Skip Navigation

Driving Miss Daisy - Broadway

Vanessa Redgrave and James Earl Jones star in Alfred Uhry's Pulitzer Prize-winning play.

James Earl Jones on Miss Daisy, Star Wars and 'the Voice of God'

James Earl Jones on Miss Daisy, Star Wars and 'the Voice of God'
James Earl Jones in 'Driving Miss Daisy'
The myth is that I fell in love with all my Desdemonas.

As James Earl Jones approaches his 80th birthday (“January 17, same as Benjamin Franklin,” he says with a trademark grin), it’s a good time to give thanks for his remarkable career. An early favorite of Public Theater founder Joseph Papp, Jones made his mark as a young man in Othello, The Taming of the Shrew, Macbeth and many other classics. A two-time Tony winner for The Great White Hope and Fences, he has headlined three revivals in the past five Broadway seasons: On Golden Pond, Cat on a Hot Tin Roof and now Driving Miss Daisy, co-starring with Vanessa Redgrave. Jones prefers to do interviews in person and has a conversational style that is both warm and magisterial, thanks to his instantly identifiable voice. It’s doubly astounding to realize that he spent eight years of his childhood virtually mute, traumatized by a stutter and by being uprooted from his native Mississippi to live with his grandparents in Michigan. The legendary actor talked about that and cleared up some myths about his career in a recent pre-show chat the Golden Theatre.

Let’s start with the character of Hoke in Driving Miss Daisy. What do you like best about him?
I like that he knows exactly who he is. I have a very simple love for Hoke because he’s a simple character. The whole play is simple. I don’t say that to put it down in any way—simplicity can trick you if you’re not careful. We’ll be discovering things about these characters until the day the play closes.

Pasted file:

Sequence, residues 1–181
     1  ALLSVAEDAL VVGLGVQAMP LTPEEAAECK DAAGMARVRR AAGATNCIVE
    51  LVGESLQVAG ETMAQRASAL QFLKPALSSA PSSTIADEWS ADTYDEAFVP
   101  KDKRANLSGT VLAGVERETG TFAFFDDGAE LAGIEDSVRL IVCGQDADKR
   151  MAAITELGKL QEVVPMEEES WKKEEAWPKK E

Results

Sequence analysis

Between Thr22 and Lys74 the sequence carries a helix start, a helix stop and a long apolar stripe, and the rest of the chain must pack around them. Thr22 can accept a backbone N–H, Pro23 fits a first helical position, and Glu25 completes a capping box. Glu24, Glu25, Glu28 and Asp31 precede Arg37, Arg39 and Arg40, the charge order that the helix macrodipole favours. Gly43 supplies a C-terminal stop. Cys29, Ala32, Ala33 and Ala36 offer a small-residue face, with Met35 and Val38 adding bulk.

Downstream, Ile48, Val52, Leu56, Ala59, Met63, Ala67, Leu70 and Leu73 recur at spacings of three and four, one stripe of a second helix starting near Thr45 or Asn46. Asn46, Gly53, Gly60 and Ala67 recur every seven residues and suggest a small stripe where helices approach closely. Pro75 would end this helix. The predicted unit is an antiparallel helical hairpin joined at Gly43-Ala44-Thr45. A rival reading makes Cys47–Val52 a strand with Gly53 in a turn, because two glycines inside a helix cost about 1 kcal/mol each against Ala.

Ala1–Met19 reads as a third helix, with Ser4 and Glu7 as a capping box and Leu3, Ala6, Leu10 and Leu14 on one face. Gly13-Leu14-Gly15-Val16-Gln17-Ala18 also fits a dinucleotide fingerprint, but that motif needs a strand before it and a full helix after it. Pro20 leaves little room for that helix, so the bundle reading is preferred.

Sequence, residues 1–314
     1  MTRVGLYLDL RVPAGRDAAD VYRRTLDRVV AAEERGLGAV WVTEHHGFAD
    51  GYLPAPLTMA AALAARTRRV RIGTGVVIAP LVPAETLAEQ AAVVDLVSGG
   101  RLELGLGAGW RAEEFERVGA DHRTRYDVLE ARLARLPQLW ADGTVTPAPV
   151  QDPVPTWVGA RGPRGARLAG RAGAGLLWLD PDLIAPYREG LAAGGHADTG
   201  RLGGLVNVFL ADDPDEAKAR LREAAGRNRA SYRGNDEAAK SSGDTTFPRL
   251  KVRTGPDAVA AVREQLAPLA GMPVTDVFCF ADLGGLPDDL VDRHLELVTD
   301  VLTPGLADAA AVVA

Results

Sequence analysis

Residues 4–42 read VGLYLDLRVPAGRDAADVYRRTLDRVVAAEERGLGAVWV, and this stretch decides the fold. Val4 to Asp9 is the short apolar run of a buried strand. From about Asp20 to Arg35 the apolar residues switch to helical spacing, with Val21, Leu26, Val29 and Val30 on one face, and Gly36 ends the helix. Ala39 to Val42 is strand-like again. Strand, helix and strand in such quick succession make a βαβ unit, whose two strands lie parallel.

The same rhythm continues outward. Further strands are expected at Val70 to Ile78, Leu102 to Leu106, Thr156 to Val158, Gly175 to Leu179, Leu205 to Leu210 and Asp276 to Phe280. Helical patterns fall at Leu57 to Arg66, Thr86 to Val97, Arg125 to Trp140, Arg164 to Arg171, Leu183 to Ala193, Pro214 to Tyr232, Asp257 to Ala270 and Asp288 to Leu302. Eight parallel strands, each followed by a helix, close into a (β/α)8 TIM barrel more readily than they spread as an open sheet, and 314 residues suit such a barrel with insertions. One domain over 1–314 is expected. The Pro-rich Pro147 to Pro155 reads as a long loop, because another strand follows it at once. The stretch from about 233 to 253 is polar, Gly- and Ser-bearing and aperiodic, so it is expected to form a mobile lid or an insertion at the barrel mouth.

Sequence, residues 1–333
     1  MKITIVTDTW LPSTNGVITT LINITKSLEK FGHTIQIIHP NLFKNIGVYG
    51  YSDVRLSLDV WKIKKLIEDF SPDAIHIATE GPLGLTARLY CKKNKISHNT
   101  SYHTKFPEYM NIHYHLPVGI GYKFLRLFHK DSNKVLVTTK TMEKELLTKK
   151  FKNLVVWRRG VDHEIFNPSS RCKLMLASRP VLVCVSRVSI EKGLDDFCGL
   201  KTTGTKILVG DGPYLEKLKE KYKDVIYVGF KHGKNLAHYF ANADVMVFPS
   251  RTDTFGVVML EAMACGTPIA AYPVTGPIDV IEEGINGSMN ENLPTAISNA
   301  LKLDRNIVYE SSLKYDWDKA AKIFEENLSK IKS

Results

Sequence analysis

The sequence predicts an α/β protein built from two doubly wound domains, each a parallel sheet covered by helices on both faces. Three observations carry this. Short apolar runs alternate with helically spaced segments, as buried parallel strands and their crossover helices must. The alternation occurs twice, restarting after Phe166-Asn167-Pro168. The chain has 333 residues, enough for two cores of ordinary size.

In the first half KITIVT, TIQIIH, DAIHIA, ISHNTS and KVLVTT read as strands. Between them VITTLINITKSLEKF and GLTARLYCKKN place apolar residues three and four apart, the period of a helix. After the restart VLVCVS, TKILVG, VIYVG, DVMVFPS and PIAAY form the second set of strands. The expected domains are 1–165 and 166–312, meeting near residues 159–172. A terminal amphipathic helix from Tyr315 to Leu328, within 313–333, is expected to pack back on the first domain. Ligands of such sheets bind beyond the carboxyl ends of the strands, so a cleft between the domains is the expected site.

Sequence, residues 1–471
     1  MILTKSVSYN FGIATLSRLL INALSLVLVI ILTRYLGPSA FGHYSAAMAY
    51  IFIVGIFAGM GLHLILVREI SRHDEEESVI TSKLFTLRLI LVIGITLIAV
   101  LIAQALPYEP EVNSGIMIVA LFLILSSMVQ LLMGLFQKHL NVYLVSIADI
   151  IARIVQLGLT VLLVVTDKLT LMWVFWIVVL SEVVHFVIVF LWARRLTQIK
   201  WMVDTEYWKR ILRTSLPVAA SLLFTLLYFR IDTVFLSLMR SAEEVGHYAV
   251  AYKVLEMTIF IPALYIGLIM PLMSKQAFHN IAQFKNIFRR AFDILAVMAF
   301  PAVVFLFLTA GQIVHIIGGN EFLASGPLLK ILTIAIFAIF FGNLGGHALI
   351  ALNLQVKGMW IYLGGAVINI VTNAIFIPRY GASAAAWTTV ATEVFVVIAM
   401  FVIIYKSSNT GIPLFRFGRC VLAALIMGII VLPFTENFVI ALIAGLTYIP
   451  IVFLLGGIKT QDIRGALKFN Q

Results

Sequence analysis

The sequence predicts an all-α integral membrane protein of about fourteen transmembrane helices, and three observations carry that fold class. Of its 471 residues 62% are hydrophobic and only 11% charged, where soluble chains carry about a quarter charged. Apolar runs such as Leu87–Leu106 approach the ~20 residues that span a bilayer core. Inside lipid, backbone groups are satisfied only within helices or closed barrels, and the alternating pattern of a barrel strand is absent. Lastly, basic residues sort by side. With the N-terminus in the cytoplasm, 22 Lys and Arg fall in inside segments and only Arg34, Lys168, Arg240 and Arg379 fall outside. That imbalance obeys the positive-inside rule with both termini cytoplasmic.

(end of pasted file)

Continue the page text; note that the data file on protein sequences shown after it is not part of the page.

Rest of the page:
You are such a commanding presence onstage. It’s a little startling at first for audiences to hear you say “yassuh” and “nosuh” in the dialect of an uneducated African-American Southern man.
Maybe they’ve seen too much Amos & Andy. There are people who cannot talk any other way. I have members of my family who are that way. I know people with no education beyond, in Hoke’s case, age 10 or 11. He couldn’t read, so there’s no way to get a better vocabulary. There’s nothing feeding his mind except his own imagination and his own observations.

Obviously, the play is written from Alfred Uhry’s point of view. Do you feel that Hoke’s perspective is represented well?
Absolutely, because it’s not easy to write a character like this. Look at how hard Eugene O’Neill tried to write people who didn’t speak straight English; look at the dialogue he wrote for The Hairy Ape. Alfred has captured something that I admire, as Howard Sackler did with The Great White Hope [in which Jones won a Tony as boxer Jack Jefferson]. Howard actually invented a language for that Southern man. Alfred said he didn’t invent Hoke’s speech, he remembered it. Hoke was real person—I met two of his nephews, very sophisticated, educated gentlemen, so his urge for their upper mobility paid off.

This role seems a lot more demanding than Big Daddy [in Cat on a Hot Tin Roof], in which you got to come in, steal the show, and then leave.